Dividends – The Importance Of The Payout Ratio

| May 1, 2009 | 0 Comments

I love nothing more than getting cold hard cash from my investments.  I love to see my bank account grow dollar by dollar.  Instead of working for my money, I’m making my money work for me.

Is your money pulling its weight?

One of the easiest ways to get your money working for you is to buy dividend paying stocks.  Dividends are all over the news right now.  You can’t go a single day without hearing the terms “dividend yield” or “payout ratio”.  The talking heads on TV are throwing these terms around with abandon.  (If you don’t know what these mean, I’ll explain them in a moment.)

Some market prognosticators are even announcing now as the time to buy dividend paying stocks.  But there’s a problem.  Sometimes a dividend can be deceiving.  A dividend might actually be lying to you.

Never buy a stock just for its dividend.

It’s like picking up pennies on the freeway.  Sure you’ll make a few bucks, but you risk getting crushed.

Remember, companies are cutting dividends left, right, and center.  Just think about all those investors who bought financial stocks expecting big dividend payouts.  Most of them have disappeared.

Did you know there’s a way to add some safety to dividend investing?

Let me explain.

Every company who pays a dividend has a payout ratio.  The payout ratio is an important number to know.  You calculate it simply by dividing the annual dividend by the annual earnings per share.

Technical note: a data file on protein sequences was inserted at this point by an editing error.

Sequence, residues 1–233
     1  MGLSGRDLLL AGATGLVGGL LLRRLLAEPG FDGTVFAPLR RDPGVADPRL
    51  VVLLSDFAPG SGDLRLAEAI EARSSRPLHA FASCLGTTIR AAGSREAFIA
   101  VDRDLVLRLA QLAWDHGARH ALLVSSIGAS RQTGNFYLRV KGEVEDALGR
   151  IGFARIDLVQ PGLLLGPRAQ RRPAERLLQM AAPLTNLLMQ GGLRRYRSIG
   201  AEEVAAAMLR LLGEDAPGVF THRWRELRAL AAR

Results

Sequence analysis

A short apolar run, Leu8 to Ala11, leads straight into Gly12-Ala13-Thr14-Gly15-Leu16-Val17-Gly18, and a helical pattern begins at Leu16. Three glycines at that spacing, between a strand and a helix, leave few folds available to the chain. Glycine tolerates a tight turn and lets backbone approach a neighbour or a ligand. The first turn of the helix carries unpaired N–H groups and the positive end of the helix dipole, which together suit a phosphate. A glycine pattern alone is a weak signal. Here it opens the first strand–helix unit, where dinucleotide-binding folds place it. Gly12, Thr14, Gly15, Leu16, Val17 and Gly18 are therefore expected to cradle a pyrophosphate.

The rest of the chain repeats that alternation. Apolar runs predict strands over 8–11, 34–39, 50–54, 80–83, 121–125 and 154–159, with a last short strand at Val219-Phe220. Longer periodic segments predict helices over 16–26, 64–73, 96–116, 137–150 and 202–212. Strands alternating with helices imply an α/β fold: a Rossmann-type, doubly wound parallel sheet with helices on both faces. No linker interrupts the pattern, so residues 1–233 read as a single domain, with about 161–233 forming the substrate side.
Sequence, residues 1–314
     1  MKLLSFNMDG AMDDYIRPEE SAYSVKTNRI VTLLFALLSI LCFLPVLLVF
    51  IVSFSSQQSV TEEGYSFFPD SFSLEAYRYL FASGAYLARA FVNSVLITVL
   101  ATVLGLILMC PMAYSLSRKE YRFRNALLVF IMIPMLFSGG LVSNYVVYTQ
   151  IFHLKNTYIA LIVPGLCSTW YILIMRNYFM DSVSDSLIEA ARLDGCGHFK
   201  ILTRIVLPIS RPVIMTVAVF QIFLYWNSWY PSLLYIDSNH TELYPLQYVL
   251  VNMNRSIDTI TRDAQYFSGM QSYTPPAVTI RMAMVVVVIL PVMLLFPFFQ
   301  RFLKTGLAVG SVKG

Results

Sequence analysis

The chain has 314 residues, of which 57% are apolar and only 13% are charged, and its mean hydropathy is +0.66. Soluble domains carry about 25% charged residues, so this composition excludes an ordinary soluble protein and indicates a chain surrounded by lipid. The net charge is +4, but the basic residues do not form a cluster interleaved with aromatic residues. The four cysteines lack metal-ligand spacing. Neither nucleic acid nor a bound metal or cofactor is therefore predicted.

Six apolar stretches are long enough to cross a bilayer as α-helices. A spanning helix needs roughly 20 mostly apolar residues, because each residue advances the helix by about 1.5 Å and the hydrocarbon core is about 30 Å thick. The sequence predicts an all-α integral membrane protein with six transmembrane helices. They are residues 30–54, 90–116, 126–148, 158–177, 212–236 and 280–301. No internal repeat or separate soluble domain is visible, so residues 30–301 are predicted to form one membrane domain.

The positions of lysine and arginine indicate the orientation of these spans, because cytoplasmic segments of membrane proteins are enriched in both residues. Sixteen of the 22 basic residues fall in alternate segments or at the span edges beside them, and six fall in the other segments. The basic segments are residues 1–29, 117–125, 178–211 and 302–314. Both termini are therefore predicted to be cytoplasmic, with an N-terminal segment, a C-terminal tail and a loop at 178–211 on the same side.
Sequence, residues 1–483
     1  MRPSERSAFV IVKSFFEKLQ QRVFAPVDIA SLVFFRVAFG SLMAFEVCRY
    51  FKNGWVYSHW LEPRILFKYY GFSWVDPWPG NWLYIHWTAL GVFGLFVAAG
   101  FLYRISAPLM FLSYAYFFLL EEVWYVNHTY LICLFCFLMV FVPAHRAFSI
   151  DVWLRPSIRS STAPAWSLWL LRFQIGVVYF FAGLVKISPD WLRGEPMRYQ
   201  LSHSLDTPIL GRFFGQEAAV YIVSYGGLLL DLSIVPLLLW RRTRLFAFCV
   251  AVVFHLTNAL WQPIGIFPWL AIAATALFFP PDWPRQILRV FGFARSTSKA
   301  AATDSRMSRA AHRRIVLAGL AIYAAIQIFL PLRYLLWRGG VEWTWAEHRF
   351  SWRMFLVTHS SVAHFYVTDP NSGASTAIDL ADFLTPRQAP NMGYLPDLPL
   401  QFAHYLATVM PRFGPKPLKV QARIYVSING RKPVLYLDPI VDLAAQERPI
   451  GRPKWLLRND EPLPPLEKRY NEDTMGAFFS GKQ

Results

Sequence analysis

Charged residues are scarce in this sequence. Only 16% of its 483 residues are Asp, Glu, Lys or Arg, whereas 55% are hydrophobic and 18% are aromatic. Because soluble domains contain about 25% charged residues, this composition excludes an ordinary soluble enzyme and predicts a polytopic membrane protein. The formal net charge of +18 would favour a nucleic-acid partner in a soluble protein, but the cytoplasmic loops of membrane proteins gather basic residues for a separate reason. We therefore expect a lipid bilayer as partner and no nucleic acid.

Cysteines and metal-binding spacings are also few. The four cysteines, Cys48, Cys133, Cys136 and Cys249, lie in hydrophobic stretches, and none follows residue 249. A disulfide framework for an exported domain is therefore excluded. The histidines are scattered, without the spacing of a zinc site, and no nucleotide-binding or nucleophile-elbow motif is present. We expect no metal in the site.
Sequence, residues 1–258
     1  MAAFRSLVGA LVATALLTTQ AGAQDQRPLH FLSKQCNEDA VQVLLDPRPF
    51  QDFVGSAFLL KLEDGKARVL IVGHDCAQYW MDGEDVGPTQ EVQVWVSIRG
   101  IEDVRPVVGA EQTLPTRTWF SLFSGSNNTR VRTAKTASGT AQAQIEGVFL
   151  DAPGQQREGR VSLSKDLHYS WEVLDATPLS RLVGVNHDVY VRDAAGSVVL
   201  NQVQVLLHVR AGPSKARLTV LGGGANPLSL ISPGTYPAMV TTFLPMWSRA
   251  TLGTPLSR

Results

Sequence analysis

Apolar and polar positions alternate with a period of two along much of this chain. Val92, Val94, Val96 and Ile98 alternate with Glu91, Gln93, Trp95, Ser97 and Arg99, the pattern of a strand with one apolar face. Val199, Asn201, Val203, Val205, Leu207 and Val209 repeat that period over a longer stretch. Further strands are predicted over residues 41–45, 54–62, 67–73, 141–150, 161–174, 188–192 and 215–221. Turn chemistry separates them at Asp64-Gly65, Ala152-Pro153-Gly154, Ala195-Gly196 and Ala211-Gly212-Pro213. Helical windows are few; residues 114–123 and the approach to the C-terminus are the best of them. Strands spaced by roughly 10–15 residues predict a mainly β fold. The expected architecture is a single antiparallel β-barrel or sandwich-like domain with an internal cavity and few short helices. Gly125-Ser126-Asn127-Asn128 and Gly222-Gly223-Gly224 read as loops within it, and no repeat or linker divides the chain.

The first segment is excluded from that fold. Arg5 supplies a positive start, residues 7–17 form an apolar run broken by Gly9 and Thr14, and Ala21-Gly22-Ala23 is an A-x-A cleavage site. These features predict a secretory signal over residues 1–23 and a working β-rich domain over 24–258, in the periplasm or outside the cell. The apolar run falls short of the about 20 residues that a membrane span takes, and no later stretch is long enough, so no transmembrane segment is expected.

For example, in 2008 IBM reported earnings per share of $3.28.  During 2008, they paid out an annual dividend to shareholders of $1.90.  IBM’s payout ratio is 58% ($1.90/$3.28 = 58%).  Not bad.  Personally, I get a bit nervous if the payout ratio is over 70% for any company.

Why is this number important?

The payout ratio tells us what part of profits are being returned to investors.  This ratio is very important to watch.  In the past, some companies have had payout ratios over 100%… that means they’re sending more money to shareholders then they’re making.  It’s a situation that can’t last for long.

At that point the company has two options… make more money, or cut the dividend.

It doesn’t take a rocket scientist to see that cutting the dividend is usually the only choice.  We’re seeing it all the time now, especially in the first quarter of 2009.

As a matter of fact, S&P recently reported on that very topic.  For the first time ever, the number of dividend cuts outpaced increases.  And, it’s not just banks who are cutting their dividends.  We’re seeing it in industrials, technology, and even energy companies.

So, where should we look for good dividend paying stocks?

I have an idea.  I’d focus on companies who have recently increased their dividends.  If a company is able to increase the amount of money they are returning to investors, it’s got to be a good sign.

It tells us despite the economic slowdown, their business is still successful.  It tells us they have the cash flow to support the payout. And it tells us management and the board are confident about the future of the business.

A handful of companies have announced dividend increases.  A few include:  Procter & Gamble (PG), Southern Co (SO), TJX (TJX), and IBM (IBM).  If you want to grab some dividends, I’d start by looking closely at a few of these.

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Category: Dividend Stocks

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The Dynamic Wealth Report works with a number of staff writers and guest experts who specialize in everything from penny stocks to ETFs to options trading. These guest analysts post under the 'staff writer' moniker for ease of use.

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